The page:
Objective: Major limitation of successful implementation of targeted therapy in esophageal adenocarcinoma (EAC) is low frequency of target specific biomarker alteration and intratumoral heterogeneity. Cyclin dependent kinase 9 (CDK9) is a ubiquitous serine threonine kinase whoseinhibition has been used as a therapeutic option in other solid tumors. However, critical in vitro and in vivo information about the efficacy and mechanism of CDK9 inhibition in EAC is lacking and needs to be generated before a clinical trial is proposed.

Design: We assessed the CDK9 protein expression in EAC cell lines and in patient tissue samples of Barrett's esophagus and EAC. Subsequently, we studied effects of genetic downregulation (shCDK9) in SKGT4 and chemical inhibition of CDK9 by CDK9 inhibitor II, a specific, potent competitive inhibitor of CDK9 (Santa Cruz Biotechnology, CA) on proliferation, apoptosis, and cell cycle of SKGT4, FLO-1 and OE33. In vivo effects of shCDK9 and CDK9 inhibitor II was analyzed in xenografts experiments performed on nude mice after injection of FLO-1 or shCDK9-SKGT 4 and control cells in right flank or abdomen. We also assessed the effects of shCDK9 and CDK9 inhibitor II on expression of MCL-1 and phosphorylation of RNA polymerase II in EAC cells.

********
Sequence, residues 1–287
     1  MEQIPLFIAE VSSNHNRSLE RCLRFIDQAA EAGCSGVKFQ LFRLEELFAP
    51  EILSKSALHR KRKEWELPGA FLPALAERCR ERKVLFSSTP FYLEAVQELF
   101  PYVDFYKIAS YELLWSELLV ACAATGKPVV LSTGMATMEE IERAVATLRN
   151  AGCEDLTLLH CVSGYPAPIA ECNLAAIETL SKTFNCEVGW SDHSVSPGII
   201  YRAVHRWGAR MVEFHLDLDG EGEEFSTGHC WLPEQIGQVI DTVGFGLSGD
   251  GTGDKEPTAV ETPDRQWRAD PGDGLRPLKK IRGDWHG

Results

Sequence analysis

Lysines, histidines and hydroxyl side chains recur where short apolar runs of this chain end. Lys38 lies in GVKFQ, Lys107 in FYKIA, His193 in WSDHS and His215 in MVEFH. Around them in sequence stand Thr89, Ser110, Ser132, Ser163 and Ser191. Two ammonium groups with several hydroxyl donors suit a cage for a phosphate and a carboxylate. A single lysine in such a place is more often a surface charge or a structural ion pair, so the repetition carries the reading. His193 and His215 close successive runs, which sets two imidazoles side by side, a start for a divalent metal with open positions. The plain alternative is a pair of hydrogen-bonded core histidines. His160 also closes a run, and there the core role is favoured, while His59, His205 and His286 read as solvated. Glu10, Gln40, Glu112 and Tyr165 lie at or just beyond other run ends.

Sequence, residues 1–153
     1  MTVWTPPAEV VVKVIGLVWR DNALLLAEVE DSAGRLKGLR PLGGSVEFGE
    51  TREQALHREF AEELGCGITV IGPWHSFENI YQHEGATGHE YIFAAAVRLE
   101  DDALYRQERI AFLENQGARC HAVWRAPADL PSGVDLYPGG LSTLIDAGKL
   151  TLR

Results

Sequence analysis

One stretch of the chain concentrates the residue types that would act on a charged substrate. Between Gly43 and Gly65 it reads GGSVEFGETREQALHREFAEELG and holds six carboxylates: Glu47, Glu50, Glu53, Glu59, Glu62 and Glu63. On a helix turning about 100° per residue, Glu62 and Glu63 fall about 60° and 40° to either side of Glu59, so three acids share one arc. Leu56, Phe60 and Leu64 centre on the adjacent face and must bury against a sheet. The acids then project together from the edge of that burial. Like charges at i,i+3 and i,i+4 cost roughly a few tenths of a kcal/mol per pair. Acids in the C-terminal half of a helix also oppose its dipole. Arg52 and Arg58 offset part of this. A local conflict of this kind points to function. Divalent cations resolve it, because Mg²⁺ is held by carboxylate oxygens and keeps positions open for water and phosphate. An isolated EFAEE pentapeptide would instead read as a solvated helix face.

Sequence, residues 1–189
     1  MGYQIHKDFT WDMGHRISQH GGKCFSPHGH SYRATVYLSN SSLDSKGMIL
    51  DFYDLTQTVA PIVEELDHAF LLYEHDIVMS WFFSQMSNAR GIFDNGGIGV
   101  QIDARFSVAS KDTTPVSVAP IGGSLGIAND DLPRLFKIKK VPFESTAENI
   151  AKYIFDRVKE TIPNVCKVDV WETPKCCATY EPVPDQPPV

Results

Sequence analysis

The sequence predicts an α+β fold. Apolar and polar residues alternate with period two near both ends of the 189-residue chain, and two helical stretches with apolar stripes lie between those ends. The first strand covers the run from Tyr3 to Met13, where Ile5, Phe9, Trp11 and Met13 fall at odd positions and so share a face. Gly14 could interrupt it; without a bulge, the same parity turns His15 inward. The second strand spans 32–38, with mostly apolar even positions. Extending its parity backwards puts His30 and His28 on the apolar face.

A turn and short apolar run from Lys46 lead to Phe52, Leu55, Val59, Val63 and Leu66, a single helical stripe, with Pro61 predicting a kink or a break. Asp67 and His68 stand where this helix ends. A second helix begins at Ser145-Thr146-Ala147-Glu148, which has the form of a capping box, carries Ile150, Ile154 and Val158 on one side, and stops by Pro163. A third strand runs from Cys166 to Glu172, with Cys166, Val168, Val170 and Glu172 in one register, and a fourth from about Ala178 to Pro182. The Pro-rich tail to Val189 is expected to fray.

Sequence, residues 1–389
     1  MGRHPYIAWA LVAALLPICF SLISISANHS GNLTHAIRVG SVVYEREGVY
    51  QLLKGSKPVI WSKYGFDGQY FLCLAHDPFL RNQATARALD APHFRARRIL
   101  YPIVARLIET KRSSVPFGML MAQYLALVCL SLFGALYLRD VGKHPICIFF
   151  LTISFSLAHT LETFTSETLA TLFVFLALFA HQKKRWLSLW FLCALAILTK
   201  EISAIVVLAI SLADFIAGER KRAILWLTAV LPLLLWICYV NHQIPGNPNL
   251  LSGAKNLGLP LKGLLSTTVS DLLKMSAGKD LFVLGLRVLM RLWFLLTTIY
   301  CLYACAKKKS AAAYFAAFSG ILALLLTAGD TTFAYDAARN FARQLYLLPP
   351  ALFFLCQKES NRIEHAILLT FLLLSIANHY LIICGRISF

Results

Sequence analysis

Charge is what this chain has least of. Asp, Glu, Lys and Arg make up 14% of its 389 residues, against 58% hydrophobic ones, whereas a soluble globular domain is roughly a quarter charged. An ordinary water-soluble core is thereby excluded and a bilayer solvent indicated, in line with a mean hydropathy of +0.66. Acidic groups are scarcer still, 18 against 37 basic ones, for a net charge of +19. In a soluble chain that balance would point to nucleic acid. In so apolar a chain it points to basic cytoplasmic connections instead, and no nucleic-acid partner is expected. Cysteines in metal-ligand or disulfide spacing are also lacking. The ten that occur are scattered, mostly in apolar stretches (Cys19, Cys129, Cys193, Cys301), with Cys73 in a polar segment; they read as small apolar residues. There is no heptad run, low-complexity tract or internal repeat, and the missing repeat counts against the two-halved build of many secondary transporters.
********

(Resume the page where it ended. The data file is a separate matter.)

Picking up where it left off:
Results: Higher expression of CDK9 was observed in all EAC cell lines and in tumor samples of patients with EAC as compared to normal squamous epithelium and Barrett's Esophagus. shCDK9 in SKGT4 cells induced significant reduction in proliferation, increase in apoptosis and G1 arrest as compared to control cells in vitro. In vivo experiment with SKGT4-shCDK9 demonstrated no tumor growth in 4 of 10 mice and tumor volume was significantly smaller in SKGT4-shCDK9 as compared to control SKGT4 cells (72.89 ± 12.88 mm3 v.270 ± 64.07 mm3, p< 0.01) in other mice. Treatment with CDK9 inhibitor II demonstrated dose dependent reduction in proliferation, increased apoptosis and G1 arrest in all three cell lines in vitro and more than 50% reduction in tumor volume in xenografts as compared to control. CDK9 inhibitor II reduced RNA Pol II phosphorylation and expression of MCL-l and up-regulation of MCL-1 expression induced resistance to CDK9 inhibitor II in all three EAC cell lines..

Conclusions: CDK9 inhibition has strong anti-EAC properties in vitro and in vivo. These properties along with strong diffuse expression of CDK9 in human EAC support further exploration of CDK9 as a potential therapeutic target for EAC.

Citation Format: Zhimin Tong, Devkumar Chatterjee, Defeng Deng, Omkara Veeranki, Alicia Mejia, Jaime Rodriguez, Jaffer Ajani, Wayne Hofstetter, Steven Lin, Sushovan Guha, Scott Kopetz, Sunil Krishnan, Dipen Maru. Cyclin-dependent kinase 9: a potential therapeutic target for esophageal adenocarcinoma. [abstract]. In: Proceedings of the 107th Annual Meeting of the American Association for Cancer Research; 2016 Apr 16-20; New Orleans, LA. Philadelphia (PA): AACR; Cancer Res 2016;76(14 Suppl):Abstract nr 3815.